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Author Topic: For All of You That Want to Own A Trans Am Race Car  (Read 39139 times)
wendell
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« Reply #180 on: March 21, 2015, 09:06:19 AM »

I just posted to the wrong thread. Thanks for the info.  Cool car.
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Steve Holmes
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« Reply #181 on: April 02, 2015, 02:23:49 PM »

Well this is vague, but is anyone familiar with this car? Obviously not a Trans-Am car, but said to be Traco built, FIA approved. Here is the auction guff that went with it:

Founded by Jim Travers and Frank Coon, Traco Engineering (an amalgam of the partnersís last names) built the engines that dominated a variety of racing series (including Can-Am and Trans Am) throughout the 1960s and into the 1970s. A 1969 Chevrolet Camaro Z/28 race car, said to have been prepared by Traco and fitted with a Traco-built 327-cu.in. V-8, crossed the stage in Fort Lauderdale last weekend, selling for the bargain-basement price of $55,000 including buyerís fees.

The 1969 Camaro offered was claimed to be one of two prepared by Traco Engineering to International Federation of Automobile (FIA) specifications, though it isnít clear if the car was raced either domestically or abroad. The Traco-modified 327-cu.in. V-8 is said to be original, and has reportedly been dyno tested to produce 500 horsepower. Though the car wears SCCA stickers, itís unclear if a current vehicle logbook is included, or if it meets the safety requirements of vintage racing organizations in its current form.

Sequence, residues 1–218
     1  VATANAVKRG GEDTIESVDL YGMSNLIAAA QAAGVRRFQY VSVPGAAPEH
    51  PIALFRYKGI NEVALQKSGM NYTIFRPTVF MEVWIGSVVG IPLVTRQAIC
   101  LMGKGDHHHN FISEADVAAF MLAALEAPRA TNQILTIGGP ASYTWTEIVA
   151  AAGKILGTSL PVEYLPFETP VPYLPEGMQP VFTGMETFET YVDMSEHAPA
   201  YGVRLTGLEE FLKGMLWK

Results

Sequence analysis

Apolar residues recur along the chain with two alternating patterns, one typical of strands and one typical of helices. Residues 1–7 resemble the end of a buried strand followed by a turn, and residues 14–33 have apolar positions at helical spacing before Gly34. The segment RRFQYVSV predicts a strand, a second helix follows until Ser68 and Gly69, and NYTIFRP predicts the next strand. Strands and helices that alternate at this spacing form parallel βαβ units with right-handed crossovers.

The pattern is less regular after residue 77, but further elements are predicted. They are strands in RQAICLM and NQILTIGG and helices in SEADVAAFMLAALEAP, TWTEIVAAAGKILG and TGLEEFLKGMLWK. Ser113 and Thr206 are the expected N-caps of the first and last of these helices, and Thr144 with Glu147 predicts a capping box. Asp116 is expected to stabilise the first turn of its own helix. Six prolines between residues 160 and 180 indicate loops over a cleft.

Last offered for sale at Mecumís May 2014 Indianapolis, Indiana, auction, the car then bid to a high price of $105,000 but failed to meet its reserve. Offered in Fort Lauderdale with no reserve, the car sold for a fee-inclusive price of $55,000, which is considerably less than it would cost to build a 1969 Chevrolet Camaro Z/28 Trans-Am clone to this standard, Traco engine aside.  Even without a documented history of racing wins, this could well have been the auctionís biggest bargain.

More info here: http://blog.hemmings.com/index.php/2015/04/02/traco-built-fia-approved-1969-chevy-camaro-z28-race-car-sells-for-55000-in-florida/?refer=news

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rmbuilder
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« Reply #182 on: April 02, 2015, 05:33:30 PM »

Unfortunately, it was likely the overzealous references to Traco Engineering that resulted in the cars no-sale in the first auction, and its depressed sale price in the second. The sales piece of this was written by someone whose primary interest was not based on a genuine historical representation of the car/engine.

Looking at the engine photos in the Hemmingís, it is an LS based platform 327 CID (not a Gen I SBC) with what appears to be a Borla, cross ram EFI system. This powertrain may have been developed during the Jim Jones or Larry Salisbury stewardship of the Traco name, however it is without doubt a stretch to infer there is any relationship to the original Traco Engineering.

Donít get me wrong, the car certainly has potential to be a fun resto-mod driver or track day car. There is nothing wrong with building a tribute car, just represent it as such. The number 6 on the door and original Traco decals make it look more like an Elvis impersonator then a car with genuine historical significance.